While Google has smart search tools, everyone else does too, suggesting that Google has become the power that it is largely because it has become a brand, like Nike.
Its name is easy and fun to say, and works as both a noun and verb. Its home page is calm and clean, and its rainbow logo somehow manages to simultaneously convey both tie-dyed earnestness and high-tech savvy.
Microsoft has never been particularly good at this sort of brand management. Its advertising, for instance, has always seemed generic and unmemorable, the sort of thing you would expect from marketing committees sitting around looking at PowerPoint slides.
Lee Gomes writes the column, Portals, in the ‘Wall Street Journal’
Which is one of the reasons it’s hard to understand how Microsoft’s Google forays will be any different with Yahoo under its roof than (before).
What exactly is Microsoft going to do? Hire more engineers? They are hardly in short supply now. Expand its data centres? That’s putting the cart before the horse. Execute a strategy better? When it comes to success in the search business, Microsoft hasn’t exactly written the book.
The usual observation about mergers—that you don’t automatically get one market leader by?combing two mar-ket laggards—seems true in this case.
However doubtful it is that Microsoft’s anti-Google offensive will actually work, Redmond’s bid for Yahoo is a reminder of why the company is one of capitalism’s greatest success stories. Bill Gates, Steve Ballmer and their crew can always be counted on to worry about the portion of the glass that is one-fourth empty.
Two weeks ago, Microsoft issued the sort of quarterly report usually seen of a company in finest mettle. Redmond’s sales were up 15% and profit double that, excluding certain deferrals. And the rest of the year, it projected, would be just as sanguine—certainly unlike in the economy as a whole.
Elsewhere, that would be a mandate for staying the course. In Redmond, though, they were crossing off days on their calendars, waiting until Friday, the first day of February and thus the first opportunity Microsoft would be able to truthfully state, “Okay, Yahoo, it’s been a year since we talked to you guys; where’s the beef?”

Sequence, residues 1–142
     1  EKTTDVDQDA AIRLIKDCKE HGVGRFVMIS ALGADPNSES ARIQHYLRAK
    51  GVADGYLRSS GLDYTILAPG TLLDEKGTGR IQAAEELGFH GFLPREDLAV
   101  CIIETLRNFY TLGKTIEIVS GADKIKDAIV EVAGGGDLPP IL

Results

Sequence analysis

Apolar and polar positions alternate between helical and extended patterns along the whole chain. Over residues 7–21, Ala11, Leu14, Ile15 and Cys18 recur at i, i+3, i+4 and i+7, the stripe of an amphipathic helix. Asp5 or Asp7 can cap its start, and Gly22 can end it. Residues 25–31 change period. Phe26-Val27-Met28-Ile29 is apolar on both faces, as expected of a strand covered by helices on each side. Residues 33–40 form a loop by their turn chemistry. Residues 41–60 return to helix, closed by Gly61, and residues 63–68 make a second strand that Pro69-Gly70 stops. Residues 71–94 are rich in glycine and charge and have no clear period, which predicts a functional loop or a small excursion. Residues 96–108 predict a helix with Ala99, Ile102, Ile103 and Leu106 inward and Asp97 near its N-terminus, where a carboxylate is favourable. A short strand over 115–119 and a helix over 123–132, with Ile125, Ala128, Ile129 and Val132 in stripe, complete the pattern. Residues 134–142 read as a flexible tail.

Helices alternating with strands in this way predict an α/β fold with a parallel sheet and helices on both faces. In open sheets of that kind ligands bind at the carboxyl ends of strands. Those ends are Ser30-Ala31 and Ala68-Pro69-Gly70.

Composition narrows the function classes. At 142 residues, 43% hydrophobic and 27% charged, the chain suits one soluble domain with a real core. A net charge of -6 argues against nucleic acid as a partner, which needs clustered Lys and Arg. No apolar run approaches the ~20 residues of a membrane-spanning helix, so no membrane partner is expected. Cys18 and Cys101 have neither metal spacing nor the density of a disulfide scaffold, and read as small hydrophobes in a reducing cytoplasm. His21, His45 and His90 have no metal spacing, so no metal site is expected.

Microsoft remains obsessed about Google because it reads the same things everyone else does about how Google’s style of free, “in the cloud” computing means the slow and steady decline of Windows and Office. That’s a technical debate, one in which both sides have good arguments. But...Microsoft’s pattern is to assume the worst and charge forward.
It’s the manic-depressive opposite of complacency, and one sees evidence of it in big and small ways. A dozen years ago, when there was talk, much like now, of the Internet being a threat to Microsoft, the company made its browser better than anyone’s, and became the Web’s best friend. In large part as a result, the company enjoyed years of astonishing growth.
While that’s an oft-told tale, consider one of the less-publicized features of Vista, which shows some of the same dynamics at work.
In the months before Vista’s release, there was a lot of talk in tech circles about how hot new tech trends such as “RSS feeds” and “desktop widgets” were going to be the future of computing. Microsoft dutifully built them into Vista, and announced them with some fanfare. Computing remains unchanged. Microsoft, though, lost nothing for hedging its bets. It wins even when it loses.
Is Google-style computing really the threat to Microsoft everyone thinks it is? Office, one of the pillars of the Microsoft edifice, would seem the most at risk. But there’s been talk of “feature bloat” and “upgrade fatigue” in Office for many years, and still Office 2007 is here, with Office 2008 (or 2010) on the way.
As for Windows—or, at least, some sort of substantial desktop operating system—it’s hard to imagine the Web making them obsolete. To the contrary, the many new and amazing things happening online—video, telephony—may well need an operating system to be enjoyed to the fullest.
Microsoft cares about Google not because of the money Google makes on advertising—Redmond would happily cede that cash flow to Jerry Yang, as long as it could keep Google out if its hair. But it’s hard to see Google’s percentage of the search pie shrinking.
Perhaps the best Microsoft can hope for is that the economic value attached to search will diminish, maybe through the rise of social networks or something entirely different. (It) can also hope that it is strategically overreacting to this threat the same way it has strategically overreacted to all the others. Sometimes, it pays to be a nervous wreck.
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